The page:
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An Examination of Laude: Four Character Sketches for Solo Trumpet in B-flat or C by Stanley Friedman, together with Three Recitals of Selected Works by Joseph Haydn, George Fredrick Handel, Eric Ewazen, and Others

Description: Stanley Friedman is a composer of many works, primarily for brass instruments, that have become part of the standard repertoire. Solus, for Trumpet Unaccompanied, for example, appears on many audition and competition lists, as do others of his works. On the other hand, Laude: Four Character Sketches for Solo Trumpet, commissioned by the International Trumpet Guild in 1980, is unfortunately not widely known among trumpet performers and educators. The intent of this study is to demonstrate, through discussion and analysis, the qualities and potential appeal of this lesser-known work and to renew interest in its performance. Among the six chapters is an overview of Laude, including an explanation of Friedman's peculiar titles for each movement: Nocturne for St. Thomas, Phantasie für Der Wiz, Berceuse for John Julius, and Rondo for Professor Nabob. Other chapters discuss the procedure for analysis of the work and probable sources for melodic material. The motivic development and form of each movement of the work are also explored. The final chapter includes recommendations for the performance of Laude and is followed by a summary and conclusion.
Date: August 2007
Creator: Lambert, Adam
Partner: UNT Libraries
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The American Trumpet Sonata in the 1950s: An Analytical and Sociohistorical Discussion of Trumpet Sonatas by George Antheil, Kent Kennan, Halsey Stevens, and Burnet Tuthill.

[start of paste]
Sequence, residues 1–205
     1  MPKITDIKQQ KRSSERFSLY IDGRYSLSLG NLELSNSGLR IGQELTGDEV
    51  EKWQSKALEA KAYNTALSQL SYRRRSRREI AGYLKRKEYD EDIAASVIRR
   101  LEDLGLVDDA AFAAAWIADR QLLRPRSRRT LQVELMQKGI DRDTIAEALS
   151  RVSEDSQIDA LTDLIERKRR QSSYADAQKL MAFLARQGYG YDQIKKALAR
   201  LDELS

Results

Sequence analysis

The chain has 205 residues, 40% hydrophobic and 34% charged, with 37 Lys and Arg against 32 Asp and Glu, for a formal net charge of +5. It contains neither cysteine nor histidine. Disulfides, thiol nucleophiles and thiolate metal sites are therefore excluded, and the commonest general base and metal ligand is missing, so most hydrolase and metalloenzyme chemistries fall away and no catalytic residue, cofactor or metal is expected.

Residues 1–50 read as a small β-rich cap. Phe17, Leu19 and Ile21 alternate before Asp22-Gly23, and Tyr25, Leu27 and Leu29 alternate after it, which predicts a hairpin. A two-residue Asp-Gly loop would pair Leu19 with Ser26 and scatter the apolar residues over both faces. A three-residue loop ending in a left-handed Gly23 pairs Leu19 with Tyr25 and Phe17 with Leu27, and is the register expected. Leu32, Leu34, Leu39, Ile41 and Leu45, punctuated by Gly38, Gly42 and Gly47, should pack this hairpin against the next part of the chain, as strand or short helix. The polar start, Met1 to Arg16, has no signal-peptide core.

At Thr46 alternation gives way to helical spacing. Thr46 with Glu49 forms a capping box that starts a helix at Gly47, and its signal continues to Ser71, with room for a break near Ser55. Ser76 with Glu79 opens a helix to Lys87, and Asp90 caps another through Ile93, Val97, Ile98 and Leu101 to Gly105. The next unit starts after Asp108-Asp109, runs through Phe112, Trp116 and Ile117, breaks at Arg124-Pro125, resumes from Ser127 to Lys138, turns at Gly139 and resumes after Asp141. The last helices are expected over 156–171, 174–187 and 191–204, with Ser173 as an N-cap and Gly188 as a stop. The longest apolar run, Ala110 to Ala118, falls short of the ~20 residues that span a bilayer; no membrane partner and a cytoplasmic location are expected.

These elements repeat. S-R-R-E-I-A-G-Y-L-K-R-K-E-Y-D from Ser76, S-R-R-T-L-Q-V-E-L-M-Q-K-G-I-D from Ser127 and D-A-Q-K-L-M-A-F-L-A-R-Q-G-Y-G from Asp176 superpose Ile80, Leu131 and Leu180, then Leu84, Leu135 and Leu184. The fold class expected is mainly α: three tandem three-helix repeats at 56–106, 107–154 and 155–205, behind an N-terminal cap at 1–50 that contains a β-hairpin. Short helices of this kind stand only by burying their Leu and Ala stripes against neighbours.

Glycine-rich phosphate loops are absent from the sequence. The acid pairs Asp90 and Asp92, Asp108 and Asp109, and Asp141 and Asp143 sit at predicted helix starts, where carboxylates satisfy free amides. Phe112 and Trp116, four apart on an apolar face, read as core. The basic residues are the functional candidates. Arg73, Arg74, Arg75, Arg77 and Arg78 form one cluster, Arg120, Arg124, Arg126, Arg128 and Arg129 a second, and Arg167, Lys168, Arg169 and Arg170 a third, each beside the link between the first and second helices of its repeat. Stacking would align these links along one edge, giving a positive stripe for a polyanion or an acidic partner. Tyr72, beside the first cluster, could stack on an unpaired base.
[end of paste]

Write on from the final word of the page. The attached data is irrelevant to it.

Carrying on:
Description: The trumpet, or some ancestral form of the trumpet, has existed nearly as long as civilization itself. Despite its long history, however, the trumpet's solo repertoire remained limited and relatively unvaried until the second half of the twentieth century. Like most music, the American trumpet sonatas from the 1950s are a reflection of the culture and history surrounding their composition. The purpose of this research is to show how the trumpet sonatas by George Antheil, Kent Kennan, Halsey Stevens, and Burnet Tuthill are both distinctly American and unmistakably from the 1950s. The post-war era in America is often viewed as a time of unbridled optimism stemming from economic prosperity and the nation's military and industrial supremacy. The decade of the 1950s is often viewed today as a simpler, happier time in America's history. The trumpet sonatas of this era reflect this primarily in their ebullient rhythms and brilliant, often heroic melodies. However, darker characteristics of the decade (the rise of communism, for example) also make veiled appearances in these four sonatas. After an overview of the social and musical trends of the decade, the central chapter of the work delineates formal, thematic, and tonal structures of each of the four sonatas and their constituent movements. Highlighted throughout the analyses are similarities between the pieces, especially intervallic structures, motivic rhythms, and melodic construction. The final chapter discusses these similarities further and integrates them into 1950s American history and culture.
Date: August 2007
Creator: Dearden, Jennifer Lorien
Partner: UNT Libraries
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A pedagogical study and practice guide for significant original euphonium solo compositions for the undergraduate level student.